White Slave is published by Orion Books.

Copyright Paul Hurley
Words 895

Published in the Winsford Guardian March 2008

A true hero, Driver Wallace A Oakes GC

By Paul Hurley

It was June the 5th 1965 when 33 years old engine driver Wallace Oakes left his home at

6 Sandy Lane, Wheelock Heath, Sandbach. He strolled through the pleasant early summer morning to Sandbach station where he boarded the train for work, just a normal day in the life of a young top link engine driver. Sitting as a passenger was a treat, ‘on the cushions’ railway footplate men called it, shortly he would be in the cab of a powerful steam engine.

After booking on and checking the duties list he joined his fireman Gwilym Roberts and they made their way across the works. Wallace was young for a top link driver; even in these the last few years of steam - the average age in days past was over 50! Stepping nimbly across the lines at Crewe railway sheds the two men made their way to the allotted engine. Around them steam and diesel engines awaited their next tour of duty, the diesels clicking and humming gently and the steam engines simmering with smoke drifting lazily from the chimneys. The two men were soon faced with the imposing side of the 94 ton Britannia Class engine number 70051 Firth of Forth. The engine was less than 11 years old and already had a fire glowing in the firebox courtesy of shed staff.

They checked and oiled the engine and then set of in it for platform 2 at Crewe station. Waiting for them was the 2.05pm express to Carlisle, it had been brought from London Euston by another engine, now in the works being serviced. The train consisted of ten coaches and was quite full, slowly Wallace backed his engine on to the front of the train and it was coupled up. With a powerful burst of exhaust from the chimney or blast pipe the big engine set off slowly out of the station, guided by the points it veered right on to the continuance of the West Coast main line. Wallace opened the regulator and the engine picked up speed. In the carriages people dined in the restaurant car, sat talking or reading at their seats whilst outside the flat countryside of Cheshire passed in a blur. The first station was Winsford but this was too small for such an important train to stop at, it too would be a blur as the train passed through.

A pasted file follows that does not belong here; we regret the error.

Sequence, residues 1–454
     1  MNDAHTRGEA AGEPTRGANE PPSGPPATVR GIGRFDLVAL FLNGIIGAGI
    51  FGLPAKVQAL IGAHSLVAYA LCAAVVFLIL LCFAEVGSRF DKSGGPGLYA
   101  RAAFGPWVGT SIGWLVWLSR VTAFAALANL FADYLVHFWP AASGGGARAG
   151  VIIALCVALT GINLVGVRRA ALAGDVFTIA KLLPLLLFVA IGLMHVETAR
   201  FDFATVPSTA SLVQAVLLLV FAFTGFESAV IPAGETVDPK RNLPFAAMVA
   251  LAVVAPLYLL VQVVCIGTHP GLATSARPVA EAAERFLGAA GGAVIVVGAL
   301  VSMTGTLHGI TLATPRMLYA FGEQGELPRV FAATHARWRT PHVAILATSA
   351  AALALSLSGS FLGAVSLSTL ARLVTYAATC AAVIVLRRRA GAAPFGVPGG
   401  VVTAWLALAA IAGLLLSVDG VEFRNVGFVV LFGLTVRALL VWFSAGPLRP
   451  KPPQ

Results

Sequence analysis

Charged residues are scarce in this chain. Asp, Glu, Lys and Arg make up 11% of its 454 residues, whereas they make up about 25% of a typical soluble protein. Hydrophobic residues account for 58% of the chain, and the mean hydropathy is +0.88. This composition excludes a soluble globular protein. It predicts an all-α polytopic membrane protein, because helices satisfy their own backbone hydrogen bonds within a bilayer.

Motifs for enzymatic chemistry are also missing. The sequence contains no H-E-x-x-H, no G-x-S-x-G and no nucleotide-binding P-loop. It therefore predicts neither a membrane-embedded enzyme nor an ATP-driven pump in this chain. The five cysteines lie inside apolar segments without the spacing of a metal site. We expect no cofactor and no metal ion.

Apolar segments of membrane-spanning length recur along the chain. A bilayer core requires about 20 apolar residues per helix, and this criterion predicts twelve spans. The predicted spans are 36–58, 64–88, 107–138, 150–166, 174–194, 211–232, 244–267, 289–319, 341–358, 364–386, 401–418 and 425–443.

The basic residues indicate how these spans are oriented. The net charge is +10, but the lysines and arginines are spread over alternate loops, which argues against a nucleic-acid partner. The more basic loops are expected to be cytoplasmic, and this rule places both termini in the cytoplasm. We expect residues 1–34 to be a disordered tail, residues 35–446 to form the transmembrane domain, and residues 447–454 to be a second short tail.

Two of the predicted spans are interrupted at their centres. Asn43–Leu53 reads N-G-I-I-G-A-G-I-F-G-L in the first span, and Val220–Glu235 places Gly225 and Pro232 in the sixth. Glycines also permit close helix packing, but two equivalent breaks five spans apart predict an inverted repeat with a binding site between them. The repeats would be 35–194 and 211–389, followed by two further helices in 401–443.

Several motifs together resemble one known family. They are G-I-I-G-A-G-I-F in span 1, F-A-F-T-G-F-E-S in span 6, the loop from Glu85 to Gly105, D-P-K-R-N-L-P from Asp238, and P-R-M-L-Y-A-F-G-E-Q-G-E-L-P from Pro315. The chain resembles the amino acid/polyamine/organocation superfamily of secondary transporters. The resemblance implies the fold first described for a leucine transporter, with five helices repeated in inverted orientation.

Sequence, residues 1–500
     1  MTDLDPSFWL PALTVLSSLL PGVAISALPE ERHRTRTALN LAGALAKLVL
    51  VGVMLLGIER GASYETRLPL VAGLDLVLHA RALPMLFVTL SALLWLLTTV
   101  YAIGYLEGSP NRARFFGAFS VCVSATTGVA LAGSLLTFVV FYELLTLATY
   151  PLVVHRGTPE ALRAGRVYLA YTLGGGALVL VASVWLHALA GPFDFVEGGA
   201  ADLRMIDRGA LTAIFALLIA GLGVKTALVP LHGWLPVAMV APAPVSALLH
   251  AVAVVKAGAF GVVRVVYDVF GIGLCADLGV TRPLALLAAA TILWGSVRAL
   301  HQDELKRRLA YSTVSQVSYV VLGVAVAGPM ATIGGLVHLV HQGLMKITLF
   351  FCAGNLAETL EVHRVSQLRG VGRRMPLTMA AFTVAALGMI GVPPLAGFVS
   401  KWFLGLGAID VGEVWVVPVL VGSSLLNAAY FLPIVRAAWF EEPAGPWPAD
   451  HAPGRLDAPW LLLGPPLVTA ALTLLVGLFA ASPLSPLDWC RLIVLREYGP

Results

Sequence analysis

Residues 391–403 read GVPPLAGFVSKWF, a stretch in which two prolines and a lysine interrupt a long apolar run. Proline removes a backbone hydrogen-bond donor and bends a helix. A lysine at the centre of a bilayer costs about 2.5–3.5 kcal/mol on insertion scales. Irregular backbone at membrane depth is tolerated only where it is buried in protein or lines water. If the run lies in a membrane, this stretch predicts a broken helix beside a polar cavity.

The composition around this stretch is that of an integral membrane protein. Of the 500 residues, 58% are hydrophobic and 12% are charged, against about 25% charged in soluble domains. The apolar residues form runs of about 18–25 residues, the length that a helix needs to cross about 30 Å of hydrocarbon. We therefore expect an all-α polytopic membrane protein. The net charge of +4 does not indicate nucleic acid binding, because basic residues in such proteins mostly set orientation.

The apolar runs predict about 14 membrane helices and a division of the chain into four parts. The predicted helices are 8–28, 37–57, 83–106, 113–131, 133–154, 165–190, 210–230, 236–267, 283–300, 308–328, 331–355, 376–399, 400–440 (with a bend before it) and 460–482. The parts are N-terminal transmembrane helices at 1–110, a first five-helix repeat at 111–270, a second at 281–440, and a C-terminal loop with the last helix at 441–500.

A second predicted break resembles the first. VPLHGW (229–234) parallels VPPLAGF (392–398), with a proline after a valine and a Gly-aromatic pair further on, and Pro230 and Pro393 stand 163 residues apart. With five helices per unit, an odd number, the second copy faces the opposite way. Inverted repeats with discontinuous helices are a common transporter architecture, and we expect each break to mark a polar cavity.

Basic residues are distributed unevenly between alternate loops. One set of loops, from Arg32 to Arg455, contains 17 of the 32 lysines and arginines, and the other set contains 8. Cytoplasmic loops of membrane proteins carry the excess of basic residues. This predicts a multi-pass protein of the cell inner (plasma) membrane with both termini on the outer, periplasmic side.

Within the workings of the engine however all was not well, below the chimney inside was a petticoat that directed the exhaust out, with a blockage to the chimney the exhaust would have no way of escaping. As the train entered Winsford station and passed under the footbridge it was travelling at around 60 miles per hour. The firebox door was open and suddenly part of this petticoat gave way blocking the chimney completely.

This resulted without any warning in a massive backlash of flames from the fire box onto the footplate engulfing both driver and fireman in searing flames. Fortunately for the fireman he was leaning out of the offside cab window and with his legs very badly burned he was able to climb onto the outer steps. There he put out his burning clothes by rubbing them against the bodywork and then holding onto the outside of the tender doors. He realised that the brakes were being applied and remained there until the train came to a stop.

Wallace was badly burned as he stood in the midst of the flames that engulfed the footplate. He could perhaps have done something to escape the worst of the searing heat. But had he done this the train with its many passengers could have crashed or left the rails at the next bend. Instead he stayed at his post amidst the roaring flames; he partially closed the regulator, opened the boiler and pulled on the steam brake bringing the train to a halt. Only then, with his clothes almost totally burned off and with 80% burns to his body did he fall from the footplate. He had almost certainly prevented massive loss of life by preventing the destruction of the train. It was here on the embankment that the fireman found him; he could still speak but was obviously in excruciating pain. The fireman Gwilym Roberts was himself badly burned but was able to phone the signalman and raise the alarm. As a result the southbound Royal Scot was signalled to stop and take both men to hospital. Wallace Oakes was so badly burned that he had to be suspended from the hospital bed and a week later he died of his injuries.

For his bravery in remaining at his post he was posthumously awarded the George Cross for gallantry. Later in 1966 he was also awarded the Bronze Medal of the Carnegie Hero Trust. A more visual tribute to his heroism came on the 19thof February 1981 when at Euston Station, an electric locomotive no. 86260 was named "Driver Wallace Oakes GC," the name being unveiled by Ray Buckton, General Secretary of ASLEF.

The 4-6-2 Standard class steam engine Number 70051 Firth of Forth was the subject of a painting by artist Philip D Hawkins FGRA. The engine itself was built in 1954 and withdrawn in 1967.

Over the years several railwaymen have been awarded this, the most prestigious civilian award. But for true valour the actions of Driver Wallace A Oakes GC travelling through Winsford on that fateful day take some beating.

Copyright Paul Hurley

March 2008